For most intents and purposes, we can all agree that Paul Thomas Anderson is one of the most talented filmmakers of his generation. Let's just categorise Magnolia as a sometimes-entertaining misstep from an auteur seeing how far he can push it. Over-long and pretentious, Magnolia featured possibly the worst pre-title sequence in the world (a stupid set of short tales explaining to us what a coincidence is like we're children) followed by one of my favourite opening credits ever. That set the tone for the movie. Standout turns meet excesses everywhere: the strands of the plot try desperately to intertwine but never quite get there and end up sitting there, dumbfounded, in the rain singing along to Aimee Mann. A career-high role for a brilliant Tom Cruise is cancelled out by Julianne Moore screaming and overacting in the kind of manic, wheel-spinning performance which makes you worry for the actors' health rather than the characters.

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Clint Eastwood - Hereafter (2010)

Oh god, where to begin? Matt Damon in a career low, set-pieces which milked real-life natural disasters for everything they're worth, young twin English actors who were without a doubt THE WORST ACTORS OF ALL TIME  and a plot made about as much sense as that time Clint spent the night on stage talking to a chair. Maybe it's time to hang up the canvas-backed seat, mate?

Oliver Stone - Alexander (2004)

An unmitigated disaster. Colin Farrell sports a dodgy bottle-job barnet in a movie which features so much aimless talking that even Aaron Sorkin would've blushed (not Tarantino, though - he would've preferred MORE TALKING). Clumsy exposition meets crappy battle-sequences as the man who once brought us Charlie Sheen losing his shit in Vietnam allows a wooden Farrell to traipse about the desert exerting as much gravitas as a quinoa salad.

Ridley Scott - Robin Hood (2010)

I loved Gladiator when I first saw it. It's not the best movie in the world (many of the moments that don't immediately spring to mind do so for good reason) but it was tremendous fun and entrenched itself in popular culture. Had I known that both Ridley and Russell would be dining out on the movie for the next ten years I would've thought twice about my enjoyment. A joy-less, po-faced take on one of the most fun anti-heroes in fiction, it tortures with a two-and-a-half hour run-time which feels much longer as we're bludgeoned with consequence, tedious battle-sequence and Russell Crowe's empty scowls. The Disney one with all the foxes and the whistling was infinitely superior.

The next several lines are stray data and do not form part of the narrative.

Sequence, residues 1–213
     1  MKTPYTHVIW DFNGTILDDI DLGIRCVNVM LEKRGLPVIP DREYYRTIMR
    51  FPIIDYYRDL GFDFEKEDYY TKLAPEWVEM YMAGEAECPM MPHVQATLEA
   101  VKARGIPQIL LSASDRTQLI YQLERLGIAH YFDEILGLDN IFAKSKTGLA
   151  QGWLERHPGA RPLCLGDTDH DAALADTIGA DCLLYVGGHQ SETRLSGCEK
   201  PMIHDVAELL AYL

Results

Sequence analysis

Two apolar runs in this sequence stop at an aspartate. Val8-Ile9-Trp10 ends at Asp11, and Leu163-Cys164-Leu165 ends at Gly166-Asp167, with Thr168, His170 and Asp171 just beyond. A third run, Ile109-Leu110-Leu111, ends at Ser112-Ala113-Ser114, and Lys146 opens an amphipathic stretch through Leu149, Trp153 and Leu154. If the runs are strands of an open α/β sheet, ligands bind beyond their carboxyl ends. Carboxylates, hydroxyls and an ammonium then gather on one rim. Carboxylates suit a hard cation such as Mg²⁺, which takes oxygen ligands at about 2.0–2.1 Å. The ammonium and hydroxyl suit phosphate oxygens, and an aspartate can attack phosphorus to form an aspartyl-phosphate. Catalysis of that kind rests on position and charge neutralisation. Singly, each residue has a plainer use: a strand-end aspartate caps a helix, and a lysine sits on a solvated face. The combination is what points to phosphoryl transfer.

Christopher Nolan - Inception (2010)

If you're going to argue with this one I'd urge you to go back and watch the film again. Leo DiCaprio gives precisely no fucks in a role so humourless he could've been replaced by a stuffed dummy with his face taped to it and no one would notice; the kind of actor that everyone just assumes is brilliant despite the fact he's quite clearly just going through the motions. Admittedly Scorsese's Wolf Of Wall Street looks to be a return to form but ever since Marty first cast young Leo in Gangs Of New York, the actor's been treading water. Leo aside the film has flaws a-plenty: from a plot which spends so much time patting itself on the back that it forgets that its primary function is to be entertaining to a filmmaker so desperate to intellectualise everything that he just comes off like a stoned philosophy student sitting on a dorm floor. Watching it a third time to prepare for writing this, I felt like the only way I'd stay awake was if someone tipped me into a freezing bathtub in Tangiers too.